If you are like most Americans, you feel exhausted after work – mentally, physically drained.
A friend told me once she feels all too often ’brain dead’ when she comes home. (She’s a medical professional). Reading any book seems out of the question. She’ll choose a TV show anytime over reading a book.
We used to read a lot when we were younger. Or we made plans to plow through books on our wish list. What happened to us?
We grew up. We got jobs. kids. And our brains froze.
You might say you don’t have the time. But how can that be? America’s favorite pastime is binge-watching shows, for hours on end. It takes a lot of time to binge-watch favorite shows.
Now I’m a fan of some of these shows. (The French Village is one of my favorites). There are some very good productions out there, worth watching. But the habit of binge-watching TV shows, as I explain here, may in fact fatigueour minds in the long run. I think it’s a lot like coffee (again, I love coffee, especially Ohori’s in Santa Fe NM): you get an artificial boost, but not real wakefulness.
If you’re feeling ‘brain dead’ at this stage in your life, what can be done? Every now and then, you can try something different.
Take up a great book, and read it slowly with others.
Here I am, again, tooting my horn from the back row: “Read great books!” It must seem a bit silly, or at any rate tone deaf. Who has the energy for these books, if most of us can’t summon the will to read any book?
You may have more energy than you think. The key is: try reading with other people. Converse, don’t ”discuss”. A conversation needs some skin in the game, unlike a discussion, which holds ‘topics’ at arms length. That is, in a conversation, you feel like something is at stake, and the questions you ask are genuinely your own questions, not ‘talkingpoints.’ Here are some other tips: Make sure to stay on topic, as you converse (easier said than done), and allow the author a voice in the conversation too. This is important. Be the host of the book, don’t give up, and resolve to meet each week together.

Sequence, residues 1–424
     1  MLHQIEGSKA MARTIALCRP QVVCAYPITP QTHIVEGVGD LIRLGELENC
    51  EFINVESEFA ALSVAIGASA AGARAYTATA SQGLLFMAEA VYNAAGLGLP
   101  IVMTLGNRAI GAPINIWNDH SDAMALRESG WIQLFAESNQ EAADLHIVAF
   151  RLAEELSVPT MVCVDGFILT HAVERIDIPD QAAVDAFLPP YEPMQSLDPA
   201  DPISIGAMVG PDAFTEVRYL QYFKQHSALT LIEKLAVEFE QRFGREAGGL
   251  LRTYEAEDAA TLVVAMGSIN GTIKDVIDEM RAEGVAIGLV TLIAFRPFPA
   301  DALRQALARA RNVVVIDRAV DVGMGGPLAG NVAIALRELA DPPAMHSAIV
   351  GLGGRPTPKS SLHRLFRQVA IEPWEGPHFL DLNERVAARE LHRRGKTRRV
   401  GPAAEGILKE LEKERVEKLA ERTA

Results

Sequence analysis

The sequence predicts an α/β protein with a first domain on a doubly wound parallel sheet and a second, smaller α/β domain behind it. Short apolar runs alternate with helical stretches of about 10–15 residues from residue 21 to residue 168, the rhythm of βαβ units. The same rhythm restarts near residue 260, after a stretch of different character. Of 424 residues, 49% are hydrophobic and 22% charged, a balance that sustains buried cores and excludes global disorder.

Martin Buber used to talk about the power that genuine meeting has, and he’s right.
Read 5 pages per week or maybe 10. None too much. An amount you can work on together right on the spot. One more thing, perhaps the most important tip of all: try to understand the author or text as it understand itself.
But observe what happens when you converse then: when you read the text together, and you work together to make heads or tails of it, watch how many times you go back to the text and reread it. In effect, by the end of your conversation, you will have read those 5 pages a hundred times over.
Slow reading means shorter readings, but this is the deepest kind of reading.
Sort of like a book club, but supercharged?
It almost doesn’t matter what you’re reading, as long as it challenges you and your friends to lay bare the fundamental questions and think freshly. It could be Machiavelli, Don Quixote, Aristotle, Vergil’s Aeneid.
Just what the doctor ordered, to jumpstart the grey matter.
Conversation is what some would say is a nonlinear process, full of surprising twists and turns. Decidedly different from the experience of a lecture or a TV show (which is also linear). Conversation exercises your imagination, your memory, your intellect, and even your emotions. Even though the conversation is ‘intellectual’, It gets you outside your head, listening to others speak and raise questions, but also joining them in raising questions. (I would not be surprised if a neurologist discovers that dialogue promotes “neuro-plasticity.”)
Slow reading is like a gym or exercise studio for your mind. The long range benefits you get from this simple weekly practice will be one of the greatest investments in your mental health and your well-being you can make. Don’t let yourself go.